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Local access is channeling success
Island political junkies may get their own channel as BITV grows.
Its been said that those with a fondness for sausage or public policy should watch neither being made.
But for those who revel in the spectacle of local legislation as it churns from the grinder, there may soon be a new channel on the TV dial to satiate hearty political appetites.
Bainbridge Island Television, the islands public access station, is planning to expand its local government coverage with a second cable channel.
The new channel will free up BITVs current channel 12 for education, the arts and other community projects.
Weve had more local programing this year than the last four years combined, said Scott Schmidt, BITVs executive director. Adding this new channel will give people more opportunity to do or say whatever they want.
Thats real free speech and is a great tool that builds community.
Government guidelines allow public access stations to seek a channel once they produce more than three hours of local content for 10 consecutive weeks.
We met that and went well over, sometimes with five hours or eight hours per day, Schmidt said.
The city is expected to request permission for BITVs expansion from the Comcast cable company once BITV makes a formal proposal. While talks with the city have just begun, Administrator Mary Jo Briggs is already warming to the idea.
Its good news, she said. It offers the opportunity for more transparency in government and more access to meetings.
As much as 60 percent of BITVs local content is drawn from coverage of city government events and meetings.
An operating agreement with the city requires BITV to produce 1,000 hours of local government programming. The vast majority of these hours have gone to City Council meetings and coverage of Winslow Tomorrow events.
BITV has also produced city-initiated programs on the Department of Planning Community Developments beach seining efforts, the islands public road ends and instructional shows on how to obtain a building permit and become more involved in local government.
Briggs expects more city meetings, such as those conducted by the Planning Commission, will get a public airing on the new channel. She was part of the city of Vancouver, Wash., management staff when that citys public access station added an all-government channel.
It was really cool, she said. It had interviews with public officials, highlighted (city) departments and did all sorts of things that showed the business of doing government.
Schmidt hopes the new government-only channel will help meet many viewers requests for more replays of city meetings. Hes also looking forward to freeing up the original channel for expanded and more consistent show scheduling.
Mary Dombrowski, who produces BITV documentaries and serves as a volunteer camera operator at City Council meetings, believes the government channel could enrich political discussions past the confines of City Hall.
A lot of people have strong opinions on this island, but the only forum in real-time is at City Council meetings, she said. But theres a formula to that and filtering.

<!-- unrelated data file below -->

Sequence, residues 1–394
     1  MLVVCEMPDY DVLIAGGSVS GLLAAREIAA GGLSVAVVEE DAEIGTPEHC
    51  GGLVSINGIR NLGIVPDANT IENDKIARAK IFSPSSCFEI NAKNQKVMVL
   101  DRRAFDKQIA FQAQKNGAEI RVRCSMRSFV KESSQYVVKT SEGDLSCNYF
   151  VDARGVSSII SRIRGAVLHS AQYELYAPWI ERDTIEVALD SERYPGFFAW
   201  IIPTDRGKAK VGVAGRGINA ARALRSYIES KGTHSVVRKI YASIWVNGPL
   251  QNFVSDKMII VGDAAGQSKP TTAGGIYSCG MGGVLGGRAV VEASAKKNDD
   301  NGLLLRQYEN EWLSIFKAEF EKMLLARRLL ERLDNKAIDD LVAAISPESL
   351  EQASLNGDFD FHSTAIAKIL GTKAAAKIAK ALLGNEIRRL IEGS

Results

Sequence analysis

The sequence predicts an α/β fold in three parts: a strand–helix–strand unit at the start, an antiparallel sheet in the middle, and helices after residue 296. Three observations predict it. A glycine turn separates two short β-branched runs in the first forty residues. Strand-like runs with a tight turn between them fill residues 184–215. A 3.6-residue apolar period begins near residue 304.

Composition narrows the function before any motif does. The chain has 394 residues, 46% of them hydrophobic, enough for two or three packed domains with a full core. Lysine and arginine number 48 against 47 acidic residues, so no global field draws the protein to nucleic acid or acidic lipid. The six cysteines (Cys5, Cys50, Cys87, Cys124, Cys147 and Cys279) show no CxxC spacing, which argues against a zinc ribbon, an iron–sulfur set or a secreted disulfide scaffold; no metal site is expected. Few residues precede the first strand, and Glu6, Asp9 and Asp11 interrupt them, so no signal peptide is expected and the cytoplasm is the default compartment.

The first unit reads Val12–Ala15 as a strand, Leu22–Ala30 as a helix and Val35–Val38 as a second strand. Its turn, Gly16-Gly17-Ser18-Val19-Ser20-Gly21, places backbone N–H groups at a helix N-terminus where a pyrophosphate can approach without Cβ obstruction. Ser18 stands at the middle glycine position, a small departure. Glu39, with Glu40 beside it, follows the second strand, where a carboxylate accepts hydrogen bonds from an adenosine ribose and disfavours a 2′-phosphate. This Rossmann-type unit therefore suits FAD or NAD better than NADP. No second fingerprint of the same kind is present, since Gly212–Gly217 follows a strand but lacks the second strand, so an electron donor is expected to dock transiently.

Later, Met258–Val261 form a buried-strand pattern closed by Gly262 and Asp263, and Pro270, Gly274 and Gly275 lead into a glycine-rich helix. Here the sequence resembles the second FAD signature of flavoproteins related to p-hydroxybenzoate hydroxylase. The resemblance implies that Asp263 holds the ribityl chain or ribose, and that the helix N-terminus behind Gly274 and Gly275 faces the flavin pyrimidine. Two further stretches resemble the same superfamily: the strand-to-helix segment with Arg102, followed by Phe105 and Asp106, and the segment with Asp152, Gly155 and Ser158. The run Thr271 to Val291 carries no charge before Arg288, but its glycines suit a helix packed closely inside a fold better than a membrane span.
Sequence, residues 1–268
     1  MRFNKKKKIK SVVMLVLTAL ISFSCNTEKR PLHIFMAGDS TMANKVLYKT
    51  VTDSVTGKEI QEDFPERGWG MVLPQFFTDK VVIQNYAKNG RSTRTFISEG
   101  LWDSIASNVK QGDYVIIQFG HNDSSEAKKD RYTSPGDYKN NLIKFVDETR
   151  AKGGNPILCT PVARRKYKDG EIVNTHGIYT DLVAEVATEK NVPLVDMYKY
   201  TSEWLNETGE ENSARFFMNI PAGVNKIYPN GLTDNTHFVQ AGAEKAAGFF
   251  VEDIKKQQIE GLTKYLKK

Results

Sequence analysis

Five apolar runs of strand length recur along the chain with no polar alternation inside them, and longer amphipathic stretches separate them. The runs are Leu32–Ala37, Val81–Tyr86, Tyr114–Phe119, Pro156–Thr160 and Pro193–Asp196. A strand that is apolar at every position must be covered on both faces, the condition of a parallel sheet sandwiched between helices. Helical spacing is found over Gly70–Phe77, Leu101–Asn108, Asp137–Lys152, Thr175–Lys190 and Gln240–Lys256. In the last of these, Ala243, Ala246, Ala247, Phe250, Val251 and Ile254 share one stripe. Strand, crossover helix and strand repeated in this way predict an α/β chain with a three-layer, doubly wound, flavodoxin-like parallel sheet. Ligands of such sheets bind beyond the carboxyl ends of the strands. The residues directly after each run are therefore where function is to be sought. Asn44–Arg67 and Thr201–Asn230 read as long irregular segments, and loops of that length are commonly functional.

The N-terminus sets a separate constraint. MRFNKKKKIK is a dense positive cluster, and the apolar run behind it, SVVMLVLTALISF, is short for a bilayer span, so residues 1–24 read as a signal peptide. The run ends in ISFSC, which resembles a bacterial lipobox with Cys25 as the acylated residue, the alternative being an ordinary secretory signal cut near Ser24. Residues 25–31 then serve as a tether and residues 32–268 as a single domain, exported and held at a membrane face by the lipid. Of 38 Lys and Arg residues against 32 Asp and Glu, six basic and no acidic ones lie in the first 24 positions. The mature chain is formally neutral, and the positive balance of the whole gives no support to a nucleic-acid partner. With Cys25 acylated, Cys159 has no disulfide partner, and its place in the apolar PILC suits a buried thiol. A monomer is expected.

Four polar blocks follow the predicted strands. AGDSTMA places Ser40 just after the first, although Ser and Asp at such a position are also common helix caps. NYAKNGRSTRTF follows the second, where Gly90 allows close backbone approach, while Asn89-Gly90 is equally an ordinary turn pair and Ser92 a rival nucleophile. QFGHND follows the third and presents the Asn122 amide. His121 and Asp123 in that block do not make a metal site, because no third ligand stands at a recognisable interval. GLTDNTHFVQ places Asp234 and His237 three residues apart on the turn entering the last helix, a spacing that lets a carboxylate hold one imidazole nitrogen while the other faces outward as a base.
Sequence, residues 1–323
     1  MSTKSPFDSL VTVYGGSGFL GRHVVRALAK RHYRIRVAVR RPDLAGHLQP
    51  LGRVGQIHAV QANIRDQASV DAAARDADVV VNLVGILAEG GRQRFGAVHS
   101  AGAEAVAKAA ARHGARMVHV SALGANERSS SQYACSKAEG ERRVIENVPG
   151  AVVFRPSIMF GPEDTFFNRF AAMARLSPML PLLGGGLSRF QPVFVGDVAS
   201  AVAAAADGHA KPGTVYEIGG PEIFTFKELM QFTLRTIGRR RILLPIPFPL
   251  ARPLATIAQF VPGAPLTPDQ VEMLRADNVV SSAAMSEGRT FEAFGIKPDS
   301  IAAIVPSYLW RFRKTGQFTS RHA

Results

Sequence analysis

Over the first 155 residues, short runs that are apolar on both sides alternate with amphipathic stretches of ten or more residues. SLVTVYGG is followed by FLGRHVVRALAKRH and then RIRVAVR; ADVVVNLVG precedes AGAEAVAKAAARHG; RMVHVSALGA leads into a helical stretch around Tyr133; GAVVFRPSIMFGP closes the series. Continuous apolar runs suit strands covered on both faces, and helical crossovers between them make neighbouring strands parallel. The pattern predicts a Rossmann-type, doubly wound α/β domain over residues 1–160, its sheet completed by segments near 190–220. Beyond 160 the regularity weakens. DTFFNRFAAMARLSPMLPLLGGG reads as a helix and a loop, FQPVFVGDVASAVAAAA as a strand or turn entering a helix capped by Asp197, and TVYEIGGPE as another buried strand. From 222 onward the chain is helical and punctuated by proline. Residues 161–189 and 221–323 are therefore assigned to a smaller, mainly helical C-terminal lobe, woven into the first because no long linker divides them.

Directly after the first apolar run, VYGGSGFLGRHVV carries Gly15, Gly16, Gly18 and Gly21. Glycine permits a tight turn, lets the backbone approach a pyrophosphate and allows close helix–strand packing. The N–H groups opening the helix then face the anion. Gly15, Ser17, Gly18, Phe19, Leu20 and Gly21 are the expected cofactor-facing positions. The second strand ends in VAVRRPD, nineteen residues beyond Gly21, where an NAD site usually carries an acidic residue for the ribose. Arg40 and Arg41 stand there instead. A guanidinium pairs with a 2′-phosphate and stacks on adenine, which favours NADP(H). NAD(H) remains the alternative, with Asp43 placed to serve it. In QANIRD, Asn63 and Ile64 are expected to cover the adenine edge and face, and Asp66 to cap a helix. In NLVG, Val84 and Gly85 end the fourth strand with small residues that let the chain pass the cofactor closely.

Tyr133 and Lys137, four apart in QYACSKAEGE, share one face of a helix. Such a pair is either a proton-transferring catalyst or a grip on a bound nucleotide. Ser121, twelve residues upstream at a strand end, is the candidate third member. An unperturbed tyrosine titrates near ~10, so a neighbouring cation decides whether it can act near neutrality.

BITV plans to install remote-controlled cameras at City Hall and keep much of its portable equipment at an expanded studio on High School Road.
If we had a studio, theres wonderful potential for the second channel to become a place where people exchange viewpoints on government live, she said.
Schmidt and Dombrowski envision post-council meeting analysis or debates on significant government issues, such as the Critical Areas Ordinance or city budget.
This would bring more honesty to the debate with face-to-face discussions in real-time, Dombrowski said.
The proposed offloading of all government content to a second channel means more opportunity for cultural, educational and other community programming, said Schmidt.
With more than 800 hours of non-government local programming produced last year, Schmidt said the new channel will make way for an expected 1,200 hours next year.
Darlene Graves, a BITV volunteer who records local choral performances and manages the stations televised bulletin board, has seen a lot more interest in local access and community involvement at the station over the last two years. She believes programming for the arts will fill a larger role at BITV once government coverage moves to a second channel.
It certainly opens a whole new realm of possibilities, she said. Theres so much going on culturally and this will actually give more opportunity for it to be aired, especially for people who cant attend or see all the performance on the island.
Schmidt planned to expand the stations education coverage, bringing cameras into classrooms to give parents an up-close look at what their children are learning.
He also intends to increase the scope of youth video production classes and to possibly air school board meetings.
BITV is getting more local content than communities more than twice our size, he said. That says how much our community looks to BITV as a community resource. We have an engaged community thats passionate about a number of different topics. We have high school kids doing sports shows and people recording choral performances, a program at the library, gallery walks and music at Pegasus (coffeehouse).
We had 800 hours of this type of programming this year. Next year, we expect 1,200 hours. The year after that, were just going to keep going and growing.
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Ratings are up
Bainbridge Island Television by the numbers:
4,100 subscribers through Comcast
220 hours of local programming produced beyond local government coverage in 2003; 190 in 2004 and about 800 in 2005. BITV expects to produce 1,200 hours next year.
Three full-time staff, 120 members and 40 volunteer or contract producers.
30 new locally produced programs in November.
Source: Bainbridge Island Television